Granting Technology Permission to Help

The roles software has, and could continue to play, as manufacturing deals with unprecedented challenges.

Robot Human Hand Connection 000075665883 Small

Although change is a constant in the industrial sector, and our society, as a whole, adjusting to those changes has taken on an entirely new context with the advent of the coronavirus and resulting pandemic. With this in mind, we recently sat down with Terri Hiskey, Vice President of Global Product Marketing for Manufacturing at Epicor Software, to get her take on ways to adjust to a new normal. 

Jeff Reinke, editorial director: Prior to the COVID-19 pandemic, what were the most prominent business challenges your manufacturing customers were encountering?

Terri Hiskey, Epicor:  The biggest issue was attracting and retaining workers. Some customers have turnovers of 100 percent on their shop floor so they need to not only figure out how to attract new talent, but to put strategies in place—including the technology that these new workers use—to ensure that their new employees have a positive employee experience. Other challenges included needing better visibility into their business processes and the ability to scale and grow. 

JR: How has that changed?

TH: I don’t think those things have changed. Many manufacturers needed to move some positions from back office to work from home. Manufacturers that were deemed essential have had to deal more with the issue of not having enough workers. One big change is putting in place safety initiatives like physical distancing and handwashing stations. Visibility continues to be critical. 

JR: What software tools, applications or features do you think have helped manufacturers of "essential" products to keepi operations moving smoothly?

TH: Any software that has mobile capabilities has been vastly helpful, as well as software that can be viewed on any device—not necessarily a laptop or desktop. Solutions that can help businesses better understand where their cash is has been important, solutions that provide greater visibility across their businesses is also critical. 

JR: Are there certain software tools that can be especially helpful for those transitioning from producing their normal products to those essential in the fight against COVID-19? i.e. Ford transitioning from automobiles to face shields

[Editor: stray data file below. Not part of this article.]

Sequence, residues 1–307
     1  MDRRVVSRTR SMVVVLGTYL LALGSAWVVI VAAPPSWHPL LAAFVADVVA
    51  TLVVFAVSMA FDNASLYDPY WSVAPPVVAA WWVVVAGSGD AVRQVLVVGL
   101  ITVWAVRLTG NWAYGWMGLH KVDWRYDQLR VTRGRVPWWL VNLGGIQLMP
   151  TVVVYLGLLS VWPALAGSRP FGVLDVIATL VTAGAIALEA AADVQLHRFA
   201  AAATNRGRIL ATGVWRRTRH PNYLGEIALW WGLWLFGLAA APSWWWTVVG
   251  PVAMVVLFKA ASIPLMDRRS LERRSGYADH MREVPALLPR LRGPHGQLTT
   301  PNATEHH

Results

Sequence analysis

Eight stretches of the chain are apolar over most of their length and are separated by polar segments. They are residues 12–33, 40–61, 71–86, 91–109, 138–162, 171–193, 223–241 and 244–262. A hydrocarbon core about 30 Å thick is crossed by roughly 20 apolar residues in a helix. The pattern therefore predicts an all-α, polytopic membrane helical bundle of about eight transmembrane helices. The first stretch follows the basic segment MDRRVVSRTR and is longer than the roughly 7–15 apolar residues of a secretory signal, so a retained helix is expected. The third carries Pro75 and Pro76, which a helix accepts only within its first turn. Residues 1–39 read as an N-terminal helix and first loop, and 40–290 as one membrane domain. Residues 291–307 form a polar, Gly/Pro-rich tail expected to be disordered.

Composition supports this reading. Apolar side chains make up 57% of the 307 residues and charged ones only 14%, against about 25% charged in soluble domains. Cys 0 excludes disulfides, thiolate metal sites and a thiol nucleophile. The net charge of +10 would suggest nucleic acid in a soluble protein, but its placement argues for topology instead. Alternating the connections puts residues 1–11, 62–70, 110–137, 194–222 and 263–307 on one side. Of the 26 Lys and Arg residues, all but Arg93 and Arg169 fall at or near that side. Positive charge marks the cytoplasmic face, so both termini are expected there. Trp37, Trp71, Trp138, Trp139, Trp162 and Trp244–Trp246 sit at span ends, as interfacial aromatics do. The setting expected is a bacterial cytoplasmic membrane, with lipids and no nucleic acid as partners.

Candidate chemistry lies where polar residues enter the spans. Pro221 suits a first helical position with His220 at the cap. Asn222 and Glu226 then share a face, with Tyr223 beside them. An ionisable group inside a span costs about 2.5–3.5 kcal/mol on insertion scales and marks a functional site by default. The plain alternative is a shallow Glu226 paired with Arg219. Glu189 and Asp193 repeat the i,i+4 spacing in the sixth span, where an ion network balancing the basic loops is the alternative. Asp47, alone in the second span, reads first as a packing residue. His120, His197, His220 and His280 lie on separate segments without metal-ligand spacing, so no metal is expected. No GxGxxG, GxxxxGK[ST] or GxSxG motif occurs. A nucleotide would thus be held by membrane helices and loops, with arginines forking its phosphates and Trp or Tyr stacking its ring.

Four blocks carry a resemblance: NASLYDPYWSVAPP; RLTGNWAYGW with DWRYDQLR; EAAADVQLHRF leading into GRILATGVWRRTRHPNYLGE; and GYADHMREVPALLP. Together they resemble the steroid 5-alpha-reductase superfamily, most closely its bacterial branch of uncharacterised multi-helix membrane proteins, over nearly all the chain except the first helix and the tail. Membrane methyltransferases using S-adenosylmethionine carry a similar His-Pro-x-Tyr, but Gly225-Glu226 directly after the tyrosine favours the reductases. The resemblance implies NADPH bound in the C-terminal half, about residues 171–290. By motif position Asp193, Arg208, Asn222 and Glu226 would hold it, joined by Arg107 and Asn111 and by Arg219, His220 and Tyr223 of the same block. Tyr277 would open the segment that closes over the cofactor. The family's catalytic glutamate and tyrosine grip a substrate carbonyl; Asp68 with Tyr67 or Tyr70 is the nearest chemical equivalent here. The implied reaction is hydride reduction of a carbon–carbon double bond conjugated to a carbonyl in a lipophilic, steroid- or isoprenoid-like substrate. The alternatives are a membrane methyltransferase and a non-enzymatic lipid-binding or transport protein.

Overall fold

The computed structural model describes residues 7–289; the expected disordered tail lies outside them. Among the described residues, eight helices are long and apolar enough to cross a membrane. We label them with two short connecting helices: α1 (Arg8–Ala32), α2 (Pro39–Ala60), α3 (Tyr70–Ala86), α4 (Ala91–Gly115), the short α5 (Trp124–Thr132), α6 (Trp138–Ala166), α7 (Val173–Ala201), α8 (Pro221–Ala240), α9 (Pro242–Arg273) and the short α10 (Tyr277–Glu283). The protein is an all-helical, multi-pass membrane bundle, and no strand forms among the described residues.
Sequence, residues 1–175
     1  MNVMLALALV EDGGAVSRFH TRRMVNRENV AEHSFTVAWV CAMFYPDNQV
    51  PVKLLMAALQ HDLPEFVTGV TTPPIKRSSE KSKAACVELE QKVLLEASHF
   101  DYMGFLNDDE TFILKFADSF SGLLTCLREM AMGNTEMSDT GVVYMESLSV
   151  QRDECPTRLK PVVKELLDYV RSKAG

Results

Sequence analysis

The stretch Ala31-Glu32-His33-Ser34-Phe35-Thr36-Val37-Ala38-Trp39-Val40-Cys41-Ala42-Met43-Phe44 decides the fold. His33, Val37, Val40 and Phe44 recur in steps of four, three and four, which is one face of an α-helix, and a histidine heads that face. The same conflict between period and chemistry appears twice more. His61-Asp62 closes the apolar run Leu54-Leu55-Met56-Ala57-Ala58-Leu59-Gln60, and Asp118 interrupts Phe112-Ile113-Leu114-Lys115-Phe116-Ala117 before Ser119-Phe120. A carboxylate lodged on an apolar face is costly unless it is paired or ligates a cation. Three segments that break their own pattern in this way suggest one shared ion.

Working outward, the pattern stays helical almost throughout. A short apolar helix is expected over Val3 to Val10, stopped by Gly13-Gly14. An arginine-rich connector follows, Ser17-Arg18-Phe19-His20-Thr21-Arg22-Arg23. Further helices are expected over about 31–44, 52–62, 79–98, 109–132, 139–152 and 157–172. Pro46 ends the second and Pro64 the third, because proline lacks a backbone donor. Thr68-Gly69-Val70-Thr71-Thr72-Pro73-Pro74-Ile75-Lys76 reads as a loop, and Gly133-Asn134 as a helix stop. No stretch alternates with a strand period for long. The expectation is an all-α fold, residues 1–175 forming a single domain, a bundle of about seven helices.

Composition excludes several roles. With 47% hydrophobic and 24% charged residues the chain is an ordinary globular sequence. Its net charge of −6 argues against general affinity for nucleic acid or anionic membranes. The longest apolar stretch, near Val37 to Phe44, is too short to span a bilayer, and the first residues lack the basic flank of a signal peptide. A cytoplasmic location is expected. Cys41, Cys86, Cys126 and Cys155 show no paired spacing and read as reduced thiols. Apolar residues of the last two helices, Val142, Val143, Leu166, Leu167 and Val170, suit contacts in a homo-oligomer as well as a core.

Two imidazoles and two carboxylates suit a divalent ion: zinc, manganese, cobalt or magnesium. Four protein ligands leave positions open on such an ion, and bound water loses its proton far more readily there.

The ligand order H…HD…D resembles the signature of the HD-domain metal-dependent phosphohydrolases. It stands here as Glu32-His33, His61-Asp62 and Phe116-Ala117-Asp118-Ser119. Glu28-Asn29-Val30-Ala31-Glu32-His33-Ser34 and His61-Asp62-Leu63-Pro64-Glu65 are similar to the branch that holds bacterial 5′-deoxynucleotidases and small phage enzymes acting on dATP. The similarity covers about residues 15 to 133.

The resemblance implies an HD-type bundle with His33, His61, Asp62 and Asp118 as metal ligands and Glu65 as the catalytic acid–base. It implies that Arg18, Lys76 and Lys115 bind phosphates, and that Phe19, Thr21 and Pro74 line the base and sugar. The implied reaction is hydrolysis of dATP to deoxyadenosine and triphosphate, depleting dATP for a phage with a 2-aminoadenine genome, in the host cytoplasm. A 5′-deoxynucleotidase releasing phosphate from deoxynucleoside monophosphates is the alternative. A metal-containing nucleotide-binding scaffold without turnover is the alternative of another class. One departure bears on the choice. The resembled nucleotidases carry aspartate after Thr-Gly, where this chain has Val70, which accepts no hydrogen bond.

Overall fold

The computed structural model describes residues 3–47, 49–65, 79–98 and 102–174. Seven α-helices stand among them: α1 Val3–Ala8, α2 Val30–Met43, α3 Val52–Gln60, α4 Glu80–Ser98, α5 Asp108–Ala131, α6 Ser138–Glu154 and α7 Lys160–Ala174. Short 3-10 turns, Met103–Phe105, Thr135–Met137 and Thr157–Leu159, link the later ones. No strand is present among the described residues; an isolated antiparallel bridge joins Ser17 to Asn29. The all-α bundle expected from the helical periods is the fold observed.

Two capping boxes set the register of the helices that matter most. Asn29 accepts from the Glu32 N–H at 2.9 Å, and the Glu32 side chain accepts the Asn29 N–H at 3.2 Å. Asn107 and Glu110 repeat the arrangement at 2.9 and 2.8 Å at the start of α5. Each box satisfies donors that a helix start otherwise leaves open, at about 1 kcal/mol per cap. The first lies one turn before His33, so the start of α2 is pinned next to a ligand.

TH: Yes, things like augmented reality can help businesses visualize how they might have to reconfigure their shop floor to account for producing a different product than normal. Epicor has a solution, Epicor Data Discovery, which helps manufacturers get a real-time view of where production is taking place so that manufacturers can quickly see what equipment is being used and what isn’t so they can more easily identify equipment that has more capacity to produce something that is off schedule for example.

AI technologies like Epicor Virtual Agent can also help answer questions quickly about what products are scheduled where so there is no manual backtracking that has to be done. 

JR: What functions of enterprise-level software do you feel will prove most helpful as manufacturers gradually get back to full speed?

TH: Mobility, artificial intelligence, machine-learning, IoT connected sensors on machines for remote monitoring, analytics and visualization. 

JR: If you could provide U.S. manufacturing with one thing - both now and in what we all hope will be a more "normal" future - what would it be?

TH: Permission to let technology help them. Things like co-bots and robotic automation, artificial intelligence and analytics will only serve to improve and push manufacturing forward. This pandemic has proven that U.S. manufacturing can adapt to changes when it becomes an absolute necessity, and technology helped make those changes much easier. Let’s not go back to the way things were … let’s use the lessons we’ve learned and use the technology to focus on moving forward into the future rather than going back to the way things were.


More in Industry 4.0